Exploring the correlation with happiness and video games

AUGUST 9, 2020

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How’s it going everybody, Adrian Simple here from The Gaming Observer for Sunday, August the 9th. Today, we are going to talk about video games and happiness. I think we’ll have a lot of fun, let’s start the show.
 
Before we get into it here, I just wanted to say thanks for your patience with the show recently. As you probably know I have a new job now, however I also ran into some health issues recently. Nothing to worry about, it’s not unfamiliar territory, but if you don’t hear from me it’ll probably be for one of those reasons. Anyway, what I wanted to talk about today was the correlation between video games and happiness. I’ve been thinking about this ever since I started working, because I haven’t really had time to play games, but when I do, it brings me a lot of joy. So what is it about video games that does that? 
 
I pushed this question to the Discord server and the most common response was that it’s a form of escapism, right? This idea that life is tough, and we can forget those problems by escaping into a different world. Jason here mentions that he loves games for the same reason his wife loves reading; it’s a trip to a different world where you experience things that you couldn’t otherwise. And you know, that’s something you could say for a lot of entertainment mediums, right, there’s reading, movies, television. But I think there’s such a strong connection with games because it specifically involves us. We are controlling something in the world, we are involved some way as a person. Matt here actually mentions this specifically, saying “…games provided me with experiences I would probably never have…I dreamed of being a secret agent after watching 007 movies, so I got to experience that…I was a mediocre goalkeeper in school, but in FIFA I could be the great attacker who scored all the goals.” And I think the more that developers can lean into that with their design, or even the more we as players can lean into that with our own playstyles, the more effective that escapism can be. Jason also shared an awesome quote here which I’ve never heard, it says “I dont play games because I have no life, I play games because I have thousands of lives.” You can be anybody, you experience anything…I really connect with that.
 
Something else that was mentioned a lot was the childhood experience with video games, where we are growing up with these experiences, and learning how to live in the world with video games being a part of it. Crimson said that they started as a kid with reading, because of their immersive experiences, we just talked about that. But when they found out that video games allowed you to be a part of the experience, that brought a lot of joy. Here’s what they said “Even if the story was barely there or the language prevented me from understanding it, my imagination did all the work.” And who has a better imagination than children, right? The other here comes from Ricky, who had a really powerful story to share. He got a Playstation 1, and his first allowance of 15 dollars. His dad took him to the flea market, and he picked up a JRPG called Grandia, that’s a pretty well-respected game. And here’s what he said about reaching the end of it, “I climbed this really tall wall in the game, and it was month-long affair to get there, but the moment I got to the top, it was transcendent. It was the perfect answer to a question I never asked. I fell in love with the game, and spent more time with gaming since.” Having an experience like that at the age of 6 or 7, that’s going to be formative. And it makes a lot of sense why gaming in general could bring so much happiness after that point.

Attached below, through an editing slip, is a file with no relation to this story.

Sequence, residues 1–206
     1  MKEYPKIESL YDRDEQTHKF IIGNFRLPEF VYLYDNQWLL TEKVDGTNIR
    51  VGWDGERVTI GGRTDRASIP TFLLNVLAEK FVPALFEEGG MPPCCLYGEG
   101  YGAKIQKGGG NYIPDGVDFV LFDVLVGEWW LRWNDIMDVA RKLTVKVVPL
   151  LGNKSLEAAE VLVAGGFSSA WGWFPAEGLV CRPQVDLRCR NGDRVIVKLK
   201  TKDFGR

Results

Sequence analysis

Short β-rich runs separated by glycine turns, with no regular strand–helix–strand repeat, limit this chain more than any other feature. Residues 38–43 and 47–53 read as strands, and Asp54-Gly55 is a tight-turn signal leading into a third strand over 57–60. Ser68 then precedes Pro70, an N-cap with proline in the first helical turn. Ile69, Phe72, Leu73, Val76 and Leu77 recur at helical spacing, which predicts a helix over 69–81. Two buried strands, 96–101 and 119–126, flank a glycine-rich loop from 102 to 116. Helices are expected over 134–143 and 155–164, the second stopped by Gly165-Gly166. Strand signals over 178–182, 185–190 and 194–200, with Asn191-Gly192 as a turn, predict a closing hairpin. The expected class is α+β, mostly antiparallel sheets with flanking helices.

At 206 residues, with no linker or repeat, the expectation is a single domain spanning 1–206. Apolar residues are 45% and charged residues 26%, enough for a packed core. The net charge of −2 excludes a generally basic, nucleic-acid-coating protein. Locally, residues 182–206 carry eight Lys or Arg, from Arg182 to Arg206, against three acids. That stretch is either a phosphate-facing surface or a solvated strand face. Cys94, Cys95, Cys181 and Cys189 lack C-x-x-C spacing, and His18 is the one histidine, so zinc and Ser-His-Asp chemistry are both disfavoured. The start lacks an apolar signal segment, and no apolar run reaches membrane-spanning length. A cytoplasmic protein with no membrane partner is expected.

The only other thing I want to talk about here is I guess what you would call the practicality of games. For example, Vaderag mentions how the versatility and variety of the gaming medium is what makes them happy. “With reading you need to be fully involved, movies you need sound, but games can be played with distractions, no sound, full involvement, or with other people.” And that’s something I can definitely resonate with, I personally love games because of how many different ways I can play them. And especially the last one, with other people. Phatom said that’s what makes him happy, “the best of part of video games is all to do with connecting with friends in an environment that everyone is comfortable.”
 
Folks, I wanted to talk about this today to remind you that video games are here to make us happy. You might be someone who gets angry, or depressed, or anxious when it comes to video games, or content creators, or any other entertainment medium. I want to encourage you to take a break, identify where that is coming from, and then revisit with a positive mindset. I created The Gaming Observer to celebrate video games in my own way, and I hope that I’m able to make that happen for you as well.